I did not know Keri’s family. I had briefly met them on Keri and CJ’s wedding day, and the only ones I really remember were Keri’s mom and her older sister Kaci. And the only reason I remember them is because the two of them and Keri look alike. For all intensive purposes, they were strangers to me. Had this accident never happened I probably would not have interacted with them ever again. I do not know when I would have. Maybe if Brit and I were visiting the Rhineers, maybe for some reason or another, we go there for an afternoon lunch. “Who knows?” But in this situation, of being with Keri during her trial, I walked in to the Miller household, with all the pretenses and barriers and hesitation that normally complicate and stop you from truly getting down in the trenches and loving somebody… all that was completely stripped away. It was pure family. The feeling, the acceptance, the simple existence of its being—which a family is, it is practically indescribable—was what we were thrust in to. I am so thankful for that gift of really and honestly meeting them. It was core. It was legit. I developed a love I was not expecting to be blessed with.

Also, I realized how much I care for Keri and CJ. That knowledge was unearthed. And to be frank it startled me. It is deeper than I would have given it credit for a few weeks ago. Admitting that adds to that spiral guilt, the guilt of not being able to recognize beforehand, but I am not afraid to say it now. It is a declaration I do not stop. Another that I do not stop is calling CJ my friend. CJ is my friend. It is not said out of competition or claim. It is just said. It just is. I love CJ. I am lucky he is my friend.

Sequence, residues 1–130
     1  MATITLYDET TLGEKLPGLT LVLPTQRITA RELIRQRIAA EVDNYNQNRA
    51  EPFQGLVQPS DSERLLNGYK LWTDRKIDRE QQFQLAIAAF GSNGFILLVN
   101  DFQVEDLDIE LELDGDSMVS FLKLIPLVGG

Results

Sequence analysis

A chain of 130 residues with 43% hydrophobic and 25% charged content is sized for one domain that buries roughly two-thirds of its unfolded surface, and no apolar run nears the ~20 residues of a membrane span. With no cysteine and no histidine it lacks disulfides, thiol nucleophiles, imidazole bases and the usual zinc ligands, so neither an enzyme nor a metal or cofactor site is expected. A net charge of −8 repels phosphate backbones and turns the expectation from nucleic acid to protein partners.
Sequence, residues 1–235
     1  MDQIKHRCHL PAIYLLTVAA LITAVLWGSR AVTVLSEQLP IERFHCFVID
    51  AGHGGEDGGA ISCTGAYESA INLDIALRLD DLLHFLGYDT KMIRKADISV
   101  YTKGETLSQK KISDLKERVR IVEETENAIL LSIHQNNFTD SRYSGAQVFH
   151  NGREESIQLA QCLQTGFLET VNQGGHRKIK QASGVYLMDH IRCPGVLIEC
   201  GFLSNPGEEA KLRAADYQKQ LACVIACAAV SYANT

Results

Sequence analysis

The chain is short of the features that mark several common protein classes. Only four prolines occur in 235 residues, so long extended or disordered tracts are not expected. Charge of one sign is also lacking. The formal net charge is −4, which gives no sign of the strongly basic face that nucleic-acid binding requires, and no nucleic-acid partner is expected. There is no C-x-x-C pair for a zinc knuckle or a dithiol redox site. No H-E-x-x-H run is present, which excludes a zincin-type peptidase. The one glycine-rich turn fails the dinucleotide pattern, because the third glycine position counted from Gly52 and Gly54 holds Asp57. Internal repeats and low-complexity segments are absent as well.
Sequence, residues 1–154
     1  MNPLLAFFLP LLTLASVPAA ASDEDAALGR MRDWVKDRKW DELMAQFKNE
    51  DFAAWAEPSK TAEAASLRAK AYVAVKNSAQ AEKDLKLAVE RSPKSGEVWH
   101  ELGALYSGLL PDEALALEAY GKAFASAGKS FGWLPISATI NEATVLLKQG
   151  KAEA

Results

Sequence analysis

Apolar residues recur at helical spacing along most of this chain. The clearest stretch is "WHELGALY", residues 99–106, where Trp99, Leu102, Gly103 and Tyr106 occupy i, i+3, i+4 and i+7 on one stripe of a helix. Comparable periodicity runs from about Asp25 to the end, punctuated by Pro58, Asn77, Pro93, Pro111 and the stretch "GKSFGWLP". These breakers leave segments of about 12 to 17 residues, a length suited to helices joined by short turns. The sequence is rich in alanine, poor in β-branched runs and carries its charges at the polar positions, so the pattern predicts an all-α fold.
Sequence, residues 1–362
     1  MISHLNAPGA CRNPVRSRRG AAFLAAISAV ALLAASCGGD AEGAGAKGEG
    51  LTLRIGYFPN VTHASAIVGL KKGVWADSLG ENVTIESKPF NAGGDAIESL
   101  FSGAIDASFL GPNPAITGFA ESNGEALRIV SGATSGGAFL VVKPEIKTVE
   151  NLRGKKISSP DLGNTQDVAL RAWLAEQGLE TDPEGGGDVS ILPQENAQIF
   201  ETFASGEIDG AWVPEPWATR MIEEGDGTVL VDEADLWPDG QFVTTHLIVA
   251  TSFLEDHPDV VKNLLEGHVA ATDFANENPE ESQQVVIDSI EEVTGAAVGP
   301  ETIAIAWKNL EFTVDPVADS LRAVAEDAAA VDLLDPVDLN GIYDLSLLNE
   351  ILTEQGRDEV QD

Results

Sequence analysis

When I talk to people who have not met him yet, like my parents or co-workers, they have asked me to describe what he is like. The perfect grammar always escapes me, and I can never do him his full justice, so I usually share this memory:

CJ and I were walking together in Salt Lake City towards TRAX. I think we were on our way to meet Keri and Brittany at the Gateway Mall to see a movie. Warrior. “The four of us like that movie.” We hit the brick and had a few blocks before we actually made it to the train stop, where CJ would retell this story from 2002 during the Olympics when his friend stood and announced to the crowed car that they had tickets (which they did not) to that night’s biathlon (or an event like it). By the end of the story CJ was in stitches. His laugh, that belly chuckle that you could not help but love. I can hear it now. Hearing makes me feel good because I know that laugh has not changed. On the way there the subject of ‘would you rather’ came up. Guys love talking about this subject. It is in our genes. This time the question was would you rather be the best baseball player there ever was or the best golfer ever. We discussed the pros and cons of both and the subject then transformed to what we would wish for if we had seven wishes. With one of my wishes I said I would wish for $300 billion dollars. “Why not?” And this is the part where I feel pride in calling CJ my friend. CJ’s wish, was for $1000 dollars and the know-how to turn that money, through hard work and savvy business investments, in to the $300 billion dollars. Where I wanted the easy gift of the fortune, CJ wanted to be the guy who was not given one, but made one. Christian James Rhineer. The hard working, honest person, whose curiosity and drive to understand how and why things were the way there were, define him as a friend, a person, a husband and member of The Church of Jesus Christ of Latter-Day Saints. That is how I describe my friend to people who have not met him yet.

I love him. I love Keri. I hate how my heart breaks. I love being able to find comfort to every "why" question tied to that heartbreak. I love recognizing how I will better live progressing forward. I hate the reason that taught the change. I love that with my friends passing he became—as Keri perfectly stated—a hero to six strangers. He saved their lives after his own could not be.